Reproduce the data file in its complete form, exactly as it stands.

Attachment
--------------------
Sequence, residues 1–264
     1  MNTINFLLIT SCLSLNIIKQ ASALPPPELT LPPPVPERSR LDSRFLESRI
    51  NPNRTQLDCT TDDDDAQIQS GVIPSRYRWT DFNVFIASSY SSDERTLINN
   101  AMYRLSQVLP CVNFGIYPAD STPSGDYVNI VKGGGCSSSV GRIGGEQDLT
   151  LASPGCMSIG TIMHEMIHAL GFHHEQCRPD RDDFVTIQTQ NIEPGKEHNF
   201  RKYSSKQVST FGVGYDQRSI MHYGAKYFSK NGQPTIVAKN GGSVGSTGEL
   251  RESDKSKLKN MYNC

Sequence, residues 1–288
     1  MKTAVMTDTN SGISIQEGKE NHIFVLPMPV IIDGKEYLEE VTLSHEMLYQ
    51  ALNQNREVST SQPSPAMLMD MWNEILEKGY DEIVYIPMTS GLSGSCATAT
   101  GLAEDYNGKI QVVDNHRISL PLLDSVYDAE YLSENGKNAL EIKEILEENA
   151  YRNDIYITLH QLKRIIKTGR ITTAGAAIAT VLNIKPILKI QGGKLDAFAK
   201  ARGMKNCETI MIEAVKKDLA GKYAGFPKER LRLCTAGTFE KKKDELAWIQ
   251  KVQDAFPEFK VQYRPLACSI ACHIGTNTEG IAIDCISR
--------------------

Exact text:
Sequence, residues 1–264
     1  MNTINFLLIT SCLSLNIIKQ ASALPPPELT LPPPVPERSR LDSRFLESRI
    51  NPNRTQLDCT TDDDDAQIQS GVIPSRYRWT DFNVFIASSY SSDERTLINN
   101  AMYRLSQVLP CVNFGIYPAD STPSGDYVNI VKGGGCSSSV GRIGGEQDLT
   151  LASPGCMSIG TIMHEMIHAL GFHHEQCRPD RDDFVTIQTQ NIEPGKEHNF
   201  RKYSSKQVST FGVGYDQRSI MHYGAKYFSK NGQPTIVAKN GGSVGSTGEL
   251  RESDKSKLKN MYNC

Sequence, residues 1–288
     1  MKTAVMTDTN SGISIQEGKE NHIFVLPMPV IIDGKEYLEE VTLSHEMLYQ
    51  ALNQNREVST SQPSPAMLMD MWNEILEKGY DEIVYIPMTS GLSGSCATAT
   101  GLAEDYNGKI QVVDNHRISL PLLDSVYDAE YLSENGKNAL EIKEILEENA
   151  YRNDIYITLH QLKRIIKTGR ITTAGAAIAT VLNIKPILKI QGGKLDAFAK
   201  ARGMKNCETI MIEAVKKDLA GKYAGFPKER LRLCTAGTFE KKKDELAWIQ
   251  KVQDAFPEFK VQYRPLACSI ACHIGTNTEG IAIDCISR